Special Issue of POROI on Rhetoric and Translation
Guest Editor: Russell Valentino, Indiana University
Rhetorical theorists since Aristotle have known that rhetoric is a temporally and spatially situated form of communication that forges (or fails to forge) a bond between a speaker and an audience through the use of commonplaces (topoi): canned formulas that can be varied to generate appropriate action and novel insights. The form of communication called translation offers fertile ground for rhetorical exploration. A good translator skillfully manipulates a receiving culture’s language and expressive modes, soliciting readers’ participation in worlds beyond their own.
POROI: Special Issue: Rhetoric, Economics, Culture, and Time
Guest Editor: David Hingstman, University of Iowa
Rhetorical studies of economic exchange, some inspired by the pioneering work of Deirdre McCloskey, have been an integral part of the Project on the Rhetoric of Inquiry’s mission since its inception. This special issue of the POROI: A Journal of Interdisciplinary Analysis and Invention, calls for studies of the various ways in which concepts of reciprocity and temporality are constructed and communicated in practices of economic exchange.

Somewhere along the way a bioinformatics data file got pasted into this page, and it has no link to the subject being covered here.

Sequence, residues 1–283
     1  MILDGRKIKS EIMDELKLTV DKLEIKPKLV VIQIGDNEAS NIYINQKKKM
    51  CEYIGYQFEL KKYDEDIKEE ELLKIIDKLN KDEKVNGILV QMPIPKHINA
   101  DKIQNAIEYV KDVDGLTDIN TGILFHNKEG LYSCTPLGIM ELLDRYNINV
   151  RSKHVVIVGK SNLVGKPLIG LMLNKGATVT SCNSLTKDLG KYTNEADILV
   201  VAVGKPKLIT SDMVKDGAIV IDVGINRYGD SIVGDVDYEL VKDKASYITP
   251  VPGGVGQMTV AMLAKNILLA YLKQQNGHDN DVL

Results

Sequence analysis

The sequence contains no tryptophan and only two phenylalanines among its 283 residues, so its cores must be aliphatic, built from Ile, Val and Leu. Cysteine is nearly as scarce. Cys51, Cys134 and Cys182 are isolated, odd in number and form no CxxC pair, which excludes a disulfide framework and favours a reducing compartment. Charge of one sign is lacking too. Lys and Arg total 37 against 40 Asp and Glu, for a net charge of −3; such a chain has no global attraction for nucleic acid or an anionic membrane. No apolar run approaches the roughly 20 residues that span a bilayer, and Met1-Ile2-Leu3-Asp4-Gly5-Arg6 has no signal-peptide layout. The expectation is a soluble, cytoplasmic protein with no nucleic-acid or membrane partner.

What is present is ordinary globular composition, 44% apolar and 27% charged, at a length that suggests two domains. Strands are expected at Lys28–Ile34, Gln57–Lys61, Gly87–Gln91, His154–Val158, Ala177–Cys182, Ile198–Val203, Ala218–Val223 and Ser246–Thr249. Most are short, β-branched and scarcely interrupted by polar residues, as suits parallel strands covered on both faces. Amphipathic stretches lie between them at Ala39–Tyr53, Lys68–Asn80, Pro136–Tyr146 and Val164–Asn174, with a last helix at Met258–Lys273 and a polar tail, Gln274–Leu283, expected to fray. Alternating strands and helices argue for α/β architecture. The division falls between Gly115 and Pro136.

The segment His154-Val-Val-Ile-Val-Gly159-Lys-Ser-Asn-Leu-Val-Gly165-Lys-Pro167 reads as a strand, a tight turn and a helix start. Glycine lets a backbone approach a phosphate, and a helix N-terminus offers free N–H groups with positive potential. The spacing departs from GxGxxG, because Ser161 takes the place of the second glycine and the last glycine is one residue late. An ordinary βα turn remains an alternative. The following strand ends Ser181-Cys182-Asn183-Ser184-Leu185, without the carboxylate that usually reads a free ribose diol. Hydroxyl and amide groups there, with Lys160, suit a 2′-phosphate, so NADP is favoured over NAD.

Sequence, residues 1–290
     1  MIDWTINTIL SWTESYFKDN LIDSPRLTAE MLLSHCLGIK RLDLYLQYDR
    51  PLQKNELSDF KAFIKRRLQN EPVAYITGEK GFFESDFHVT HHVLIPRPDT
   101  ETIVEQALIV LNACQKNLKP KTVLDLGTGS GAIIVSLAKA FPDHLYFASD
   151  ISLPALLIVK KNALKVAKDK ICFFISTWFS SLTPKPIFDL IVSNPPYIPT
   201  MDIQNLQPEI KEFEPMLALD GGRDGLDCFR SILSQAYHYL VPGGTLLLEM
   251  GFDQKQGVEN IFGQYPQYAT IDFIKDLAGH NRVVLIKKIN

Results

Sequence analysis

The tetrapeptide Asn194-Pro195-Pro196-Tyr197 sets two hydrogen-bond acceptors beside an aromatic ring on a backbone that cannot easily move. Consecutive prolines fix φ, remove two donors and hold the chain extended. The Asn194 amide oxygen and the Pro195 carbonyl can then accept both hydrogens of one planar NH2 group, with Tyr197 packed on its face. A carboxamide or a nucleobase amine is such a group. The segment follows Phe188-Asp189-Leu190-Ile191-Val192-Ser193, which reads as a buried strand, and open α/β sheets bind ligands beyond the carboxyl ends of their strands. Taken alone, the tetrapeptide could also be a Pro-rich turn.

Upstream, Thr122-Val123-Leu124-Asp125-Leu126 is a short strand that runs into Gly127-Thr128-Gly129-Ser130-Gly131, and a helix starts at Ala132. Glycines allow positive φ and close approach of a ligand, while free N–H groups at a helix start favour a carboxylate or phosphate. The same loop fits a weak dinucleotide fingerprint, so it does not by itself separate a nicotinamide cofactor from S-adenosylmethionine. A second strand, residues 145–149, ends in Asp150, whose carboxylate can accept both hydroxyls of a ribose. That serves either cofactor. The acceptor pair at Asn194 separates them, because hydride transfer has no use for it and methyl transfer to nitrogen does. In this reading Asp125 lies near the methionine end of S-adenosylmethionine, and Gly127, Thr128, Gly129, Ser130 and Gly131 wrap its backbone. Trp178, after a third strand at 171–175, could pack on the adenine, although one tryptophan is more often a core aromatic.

Appropriate papers will engage both how people communicate in specific kinds of exchange relationships and how those relationships appear and change as cultural phenomena that characterize ways and forms of life more generally.
POROI Volume 10, Number 2 proudly presents a special, guest-edited issue devoted to the work of Alan G. Gross on the occasion of the 25th anniversary of The Rhetoric of Science, his seminal work in this field. The issue opens with an Introduction by guest editors David Beard and Sara Newman. It is followed by an ARST interview with Alan Gross conducted by the Association for Rhetoric of Science and Technology (ARST) and by a never before published paper by Thomas Kuhn about the very idea of rhetoric of inquiry. Kuhn’s paper is introduced and contextualized by Edward Schiappa.